The St. Paul-based Bush Foundation is committing $100 million in an effort to help close the wealth gap between white people and Black and Native Americans in a "reparative action."
The foundation is committing the money — which it says is "above and beyond" its regular grantmaking — to set up two community trust funds for Black and Native Americans in Minnesota, North Dakota, South Dakota and the 23 Native nations in the three states.
“Our purpose is to make our region better for everyone, and we believe that addressing racial wealth gaps is one of the most important things we can do for our region,” Bush Foundation Grantmaking Director Jackie Statum Allen said in a news release. “We are committing these funds in a reparative and restorative spirit. This is not reparations — that is a much bigger concept — but we do think of it as reparative action. We are excited to see other institutions pledging to do more to address racial wealth gaps and are eager to complement those efforts and encourage more action.”
The Bush Foundation will seek "one or two steward organizations" to receive the funds and design and operate grant programs to distribute the money. The grant programs are intended to serve people who need a financial boost to access wealth-building opportunities like education, homeownership and entrepreneurship.
“We think it’s imperative that these funds be stewarded by organizations that have deep understanding of and connection to the communities they will serve," Allen said.
The foundation's idea is to address the significant disparities in wealth between Black and Native Americans and their white counterparts, which reflect the impacts of the taking of land, slavery and other race-based policies.
“Current racial wealth gaps are the result of generations of unjust policies targeting Native and Black communities,” Grantmaking Director Eileen Briggs said in the release. “There are direct through lines from broken treaties to unemployment rates, from Indian boarding schools to high school dropout rates, from slavery to incarceration rates, and from redlining to homeownership rates.”
Disparities in America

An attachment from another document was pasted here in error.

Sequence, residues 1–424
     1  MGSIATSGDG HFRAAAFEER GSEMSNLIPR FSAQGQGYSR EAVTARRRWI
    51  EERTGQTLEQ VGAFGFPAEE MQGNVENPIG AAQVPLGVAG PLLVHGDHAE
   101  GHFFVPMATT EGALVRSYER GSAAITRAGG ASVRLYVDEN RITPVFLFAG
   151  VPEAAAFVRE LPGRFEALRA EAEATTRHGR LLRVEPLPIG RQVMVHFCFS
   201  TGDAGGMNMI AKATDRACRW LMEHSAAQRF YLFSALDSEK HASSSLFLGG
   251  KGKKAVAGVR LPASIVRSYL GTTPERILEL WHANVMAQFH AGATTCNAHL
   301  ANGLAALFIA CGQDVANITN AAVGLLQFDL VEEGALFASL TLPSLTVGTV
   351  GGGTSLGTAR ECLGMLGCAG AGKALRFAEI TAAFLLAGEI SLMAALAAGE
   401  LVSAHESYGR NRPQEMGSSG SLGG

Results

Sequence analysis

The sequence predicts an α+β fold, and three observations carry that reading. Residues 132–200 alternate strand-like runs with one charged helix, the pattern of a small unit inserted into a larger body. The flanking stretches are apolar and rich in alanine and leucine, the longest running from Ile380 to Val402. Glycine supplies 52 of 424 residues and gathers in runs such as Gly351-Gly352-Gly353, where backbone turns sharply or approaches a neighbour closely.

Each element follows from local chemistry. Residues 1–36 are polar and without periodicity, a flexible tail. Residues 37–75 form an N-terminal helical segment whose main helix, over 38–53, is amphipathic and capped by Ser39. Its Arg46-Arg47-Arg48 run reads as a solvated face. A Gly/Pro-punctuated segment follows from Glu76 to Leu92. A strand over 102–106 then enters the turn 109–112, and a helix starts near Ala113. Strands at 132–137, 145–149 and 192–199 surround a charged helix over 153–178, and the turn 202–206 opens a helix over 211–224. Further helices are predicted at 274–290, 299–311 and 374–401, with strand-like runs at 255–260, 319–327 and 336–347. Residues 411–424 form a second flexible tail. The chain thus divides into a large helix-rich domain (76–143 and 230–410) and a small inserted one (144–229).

The Federal Reserve's 2019 Survey of Consumer Finances shows a Black household's median and mean wealth (wealth is a measure of the value of what the household owns minus what it owes) is less than 15% that of white families, with the foundation noting the median black household in 2019 had 13 cents of wealth for every $1 of wealth for the median white household.
Meanwhile, the foundation says Native American households had 8 cents of wealth for every $1 owned by white households in 2000 (the most recent data available).
The Bush Foundation and other experts note wealth gaps are generational, with the Brookings Institute noting even when a white family and a Black family make the same income, the white family tends to have more wealth because they are more likely to inherit money than a Black family.
“Having money to pay for college or make a down payment on a house significantly affects your ability to build a strong family and help your community," Briggs said. "These trust funds are intended to be a community resource to support opportunities like education and homeownership.”
The stewarding organizations that will be tasked with distributing the $100 million will be chosen by the end of 2021. There will be a webinar for potential organizations at 2 p.m. on April 20. Those interested can register for the webinar and apply online here.
“Racial wealth gaps are profound and persistent,” said Jennifer Ford Reedy, Bush Foundation president. “It is clear that eliminating them will require greater commitment than we and others have made in the past. We are ready to do more, and we hope others are motivated to invest in and grow these community trust funds.”
The foundation is also directing $50 million through its regular grantmaking programs over the next five years to support "community-driven approaches" designed at addressing racial wealth gaps.